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Saturday, June 20, 2015


Winter or Mariha (maria) has arrived in Lesotho.

One week it was still glorious autumn, the colorful and lush green areas already varying shades of brown. The days warm enough for short sleeves, the nights cool enough to bundle up in sweaters, socks, and even hats.

Then, overnight it seemed although it was actually while I was in Swaziland at Bushfire, winter arrived. Days that had previous bordered seventy degrees now only creep into the fifties and nights drop to freezing most of the time. The temperature inside my hut plummeted into the low fifties, making me finally pull out my long johns for the first time after over one year in country.

Winter here is Lesotho is mild compared to the frigid and biting winters of New England. Last year, I spent the winter, my first three months in country, thinking, “Is this it??” But, I had just survived an unusually cold winter in Northern New Hampshire and barely enjoyed spring before flying to the Southern Hemisphere for Winter 2014 the sequel.

This year, having enjoyed and adapted to summer, I found myself mentally unprepared for winter's sudden onset.

It certainly did not help that it made its appearance during a week I was out of site and finally had challenged myself to pack minimally for both the trip to Bushfire and a week working for Peace Corps in another district. It also did not help that winter literally stormed in, with two days of rain and temperatures in the thirties to forties. Winter is the dry season. When it is cold and dry, Chacos and socks can be justified as just enough and easily adaptable to warming daytime weather. When it pours, however, it becomes a moronic choice of footwear and one may have to suffer through two days without fully feeling ones toes. One may also realize that not packing a raincoat was a poor choice.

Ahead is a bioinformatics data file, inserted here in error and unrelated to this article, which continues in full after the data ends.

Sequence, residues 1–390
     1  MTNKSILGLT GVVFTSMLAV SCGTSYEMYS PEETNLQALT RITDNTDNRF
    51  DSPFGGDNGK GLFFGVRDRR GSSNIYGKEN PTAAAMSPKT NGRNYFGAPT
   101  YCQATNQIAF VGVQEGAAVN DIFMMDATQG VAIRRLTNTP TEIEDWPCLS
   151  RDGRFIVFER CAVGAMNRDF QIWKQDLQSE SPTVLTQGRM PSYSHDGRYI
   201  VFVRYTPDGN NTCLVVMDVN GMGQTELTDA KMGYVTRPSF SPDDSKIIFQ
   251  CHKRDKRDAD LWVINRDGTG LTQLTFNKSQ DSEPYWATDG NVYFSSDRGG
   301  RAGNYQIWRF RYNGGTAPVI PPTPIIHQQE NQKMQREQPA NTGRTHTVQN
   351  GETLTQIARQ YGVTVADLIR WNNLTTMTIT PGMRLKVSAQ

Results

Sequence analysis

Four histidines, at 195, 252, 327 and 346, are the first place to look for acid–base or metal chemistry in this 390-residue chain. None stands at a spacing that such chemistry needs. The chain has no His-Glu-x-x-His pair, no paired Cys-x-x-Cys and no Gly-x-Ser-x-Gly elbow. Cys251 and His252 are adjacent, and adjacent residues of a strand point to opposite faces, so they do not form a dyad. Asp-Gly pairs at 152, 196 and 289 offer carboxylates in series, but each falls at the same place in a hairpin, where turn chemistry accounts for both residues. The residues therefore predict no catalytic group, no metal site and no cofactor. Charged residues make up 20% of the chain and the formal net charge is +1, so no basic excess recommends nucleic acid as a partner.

A historically overpacker might suddenly feel ill prepared after being proud for overcoming their overpacking compulsion and have a terrible regression.

But I'm not whining. Just noting how startling the arrival of winter was.

And with winter in Lesotho comes a few other things worth noting:

Beauty: Beautiful sights including vistas such as snow covered mountains in the distance or foggy valleys and frozen water crystals on weeds in the bright morning sun.

Sun: The increased need for sunscreen. Over the summer, if I left my house with keys, I also had my umbrella. It traveled with me more than my wallet or phone. Sometimes it sheltered me from the thunderstorms that mark the rainy season, but far more often it protected me from the sun. I literally used it all the time. Now that winter is here, the sun has become my best friend. Like a cold blooded animal, I soak up its warmth whenever possible. As a result, I am getting my healthy sailor's glow back, which someday will frustrate the dermatologist I have not yet met.